|Appears in Collections:||Aquaculture Journal Articles|
|Peer Review Status:||Refereed|
|Title:||Membrane fatty acids, reading and spelling in dyslexic and non-dyslexic adults|
Bell, J Gordon
Dick, James R
Stein, John F
Richardson, Alexandra J
Red blood cell
|Citation:||Cyhlarova E, Bell JG, Dick JR, Mackinlay E, Stein JF & Richardson AJ (2007) Membrane fatty acids, reading and spelling in dyslexic and non-dyslexic adults, European Neuropsychopharmacology, 17 (2), pp. 116-121.|
|Abstract:||Increasing evidence implicates functional deficiencies or imbalances of omega-3 and omega-6 fatty acids in dyslexia. The associations between literacy skills and omega-3 and omega-6 fatty acid status were examined. 32 dyslexics and 20 controls completed standardised tests of reading and spelling and gave venous blood samples for analysis of the polar lipid fatty acid composition of red blood cell (RBC) membranes. Relationships between literacy skills and omega-3 and omega-6 concentrations were examined using rank-order correlations. Better word reading was associated with higher total omega-3 concentrations in both dyslexic and control groups. In dyslexic subjects only, reading performance was negatively associated with the ratio of arachidonic acid/eicosapentaenoic acid (ARA/EPA) and with total omega-6 concentrations. There were no significant differences in membrane fatty acid levels between the dyslexic and control subjects. However, the finding that omega-3 status was directly related to reading performance irrespective of dyslexia supports a dimensional view of this condition, and our results also suggest that it is the omega-3/omega-6 balance that is particularly relevant to dyslexia. (c) 2006 Elsevier B.V. and ECNP. All rights reserved|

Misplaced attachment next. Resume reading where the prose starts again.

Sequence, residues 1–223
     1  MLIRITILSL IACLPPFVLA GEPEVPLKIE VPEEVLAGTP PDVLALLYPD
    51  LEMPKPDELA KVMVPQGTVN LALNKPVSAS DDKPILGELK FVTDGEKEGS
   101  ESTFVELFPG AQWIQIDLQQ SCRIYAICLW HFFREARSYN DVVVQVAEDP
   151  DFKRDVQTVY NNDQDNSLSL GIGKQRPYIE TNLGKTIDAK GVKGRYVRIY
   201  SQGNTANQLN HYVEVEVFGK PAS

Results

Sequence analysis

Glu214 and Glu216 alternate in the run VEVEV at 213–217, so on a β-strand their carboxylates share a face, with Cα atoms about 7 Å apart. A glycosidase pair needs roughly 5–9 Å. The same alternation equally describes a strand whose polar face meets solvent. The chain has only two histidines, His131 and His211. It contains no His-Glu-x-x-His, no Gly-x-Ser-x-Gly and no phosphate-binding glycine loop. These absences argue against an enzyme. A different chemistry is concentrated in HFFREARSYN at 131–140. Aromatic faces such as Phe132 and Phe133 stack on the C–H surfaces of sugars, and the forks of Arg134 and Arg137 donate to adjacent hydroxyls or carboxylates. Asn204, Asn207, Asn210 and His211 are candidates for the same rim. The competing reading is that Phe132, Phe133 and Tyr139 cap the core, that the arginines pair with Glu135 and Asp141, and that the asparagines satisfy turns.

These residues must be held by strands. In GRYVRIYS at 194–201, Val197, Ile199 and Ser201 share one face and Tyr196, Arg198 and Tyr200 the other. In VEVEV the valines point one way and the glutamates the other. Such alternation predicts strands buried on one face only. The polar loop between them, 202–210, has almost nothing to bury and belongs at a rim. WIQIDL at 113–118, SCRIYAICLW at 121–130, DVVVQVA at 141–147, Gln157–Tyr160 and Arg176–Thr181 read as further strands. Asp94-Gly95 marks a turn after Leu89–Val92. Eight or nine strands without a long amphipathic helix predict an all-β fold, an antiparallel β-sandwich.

|Rights:||The publisher does not allow this work to be made publicly available in this Repository. Please use the Request a Copy feature at the foot of the Repository record to request a copy directly from the author. You can only request a copy if you wish to use this work for your own research or private study.|
|Affiliation:||University of Oxford|
University of Oxford
University of Oxford
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